GM rejects lack of investor confidence in EV strategy

The firm believes markets have punished it for being too conservative in its forecasts, not because of its positioning for future electrification

GM rejects lack of investor confidence in EV strategy
Jacobson does not believe investors are spooked by weakness in GM's EV business

US automotive heavyweight GM has seen share price dips even after beating earnings projections in both Q1 and Q2. Ryan Brinkman, equity analyst at JP Morgan, put it to the firm’s CFO Paul Jacobson at the bank's auto conference in New York that concerns about relative underperformance in its EV business, given the sector’s likely increasing importance in future years, could be a drag on the share price.

The interviewer probed on whether it was "very strange" that GM had delivered high eight-figures over consensus earnings estimates, yet the markets had reacted as they had.

"I suspect, based on my conversations, investors might... doubt GM’s ability to sustain the strong profits beyond this year, perhaps as the industry changes and electrifies," Brinkman suggests.

Jacobson disagrees, arguing that it was the firm’s own forecasts that had underwhelmed investors. In short, they had already factored in a big beat, so did not afford GM credit for delivering it.

“We were careful not classify those as expectations, but only as projections”, says Jacobson. “When we are in the type of cycle that we are in right now with heavy investment, we want to proceed cautiously with projections, but it has played out much as we thought, where we have seen significant outperformance in Q1 and Q2 and that has what has allowed us to raise our guidance.”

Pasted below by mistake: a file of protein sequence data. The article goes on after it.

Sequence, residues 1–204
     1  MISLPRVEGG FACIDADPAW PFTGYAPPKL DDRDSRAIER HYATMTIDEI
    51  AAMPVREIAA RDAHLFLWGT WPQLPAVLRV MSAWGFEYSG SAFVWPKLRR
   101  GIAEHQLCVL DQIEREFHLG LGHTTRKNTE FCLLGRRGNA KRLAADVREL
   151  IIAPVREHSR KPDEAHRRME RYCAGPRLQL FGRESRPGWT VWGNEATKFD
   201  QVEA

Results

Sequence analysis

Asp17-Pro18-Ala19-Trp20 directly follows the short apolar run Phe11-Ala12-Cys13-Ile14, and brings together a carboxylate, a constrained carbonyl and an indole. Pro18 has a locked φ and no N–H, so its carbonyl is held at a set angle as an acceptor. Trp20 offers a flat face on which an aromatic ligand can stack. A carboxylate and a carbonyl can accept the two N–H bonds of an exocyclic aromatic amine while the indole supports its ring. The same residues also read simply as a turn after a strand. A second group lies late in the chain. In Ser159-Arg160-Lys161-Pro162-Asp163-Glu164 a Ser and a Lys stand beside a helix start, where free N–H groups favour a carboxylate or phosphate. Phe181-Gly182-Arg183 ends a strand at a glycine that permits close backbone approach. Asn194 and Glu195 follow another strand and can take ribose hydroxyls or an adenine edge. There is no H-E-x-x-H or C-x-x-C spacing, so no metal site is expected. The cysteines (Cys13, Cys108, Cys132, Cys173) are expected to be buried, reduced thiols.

He does admit that GM has not moved as fast as some others on EVs, but feels that is at least as much of a strength as a weakness. “The supply side is taking hold; it has been slower than we wanted, but any type of start-up has growing pains and we certainly have not been immune to that,” Jacobson confesses.

“This has been very deliberate from our standpoint. And that is because it is the right way to build EVs,” he continues. “While it’s been slower than some of our competitors, certainly I think we have the foundations to be able to hit that targets that we have identified and ultimately get to low to mid-single digits [profitability] by 2025.”

And the slower ramp-up has certain advantages. “We have been able to rise above a lot of the price discussions and the price actions that are going on because we feel very, very strongly that production is matched to demand for the vehicle,” Jacobson says.

But he does admit that GM’s communication could potentially have been clearer on what its value over volume strategy was.

“This is an area where the market maybe misinterpreted what we were doing, thinking we were backing off EVs or slowing down,” the finance chief suggests.

Instead the focus was on efficiency on a unit-by-unit basis before ramp-up. “We found efficiencies to be able to do and to reprioritise, so our commitment [is] to driving that cash flow in the business,” says Jacobson.

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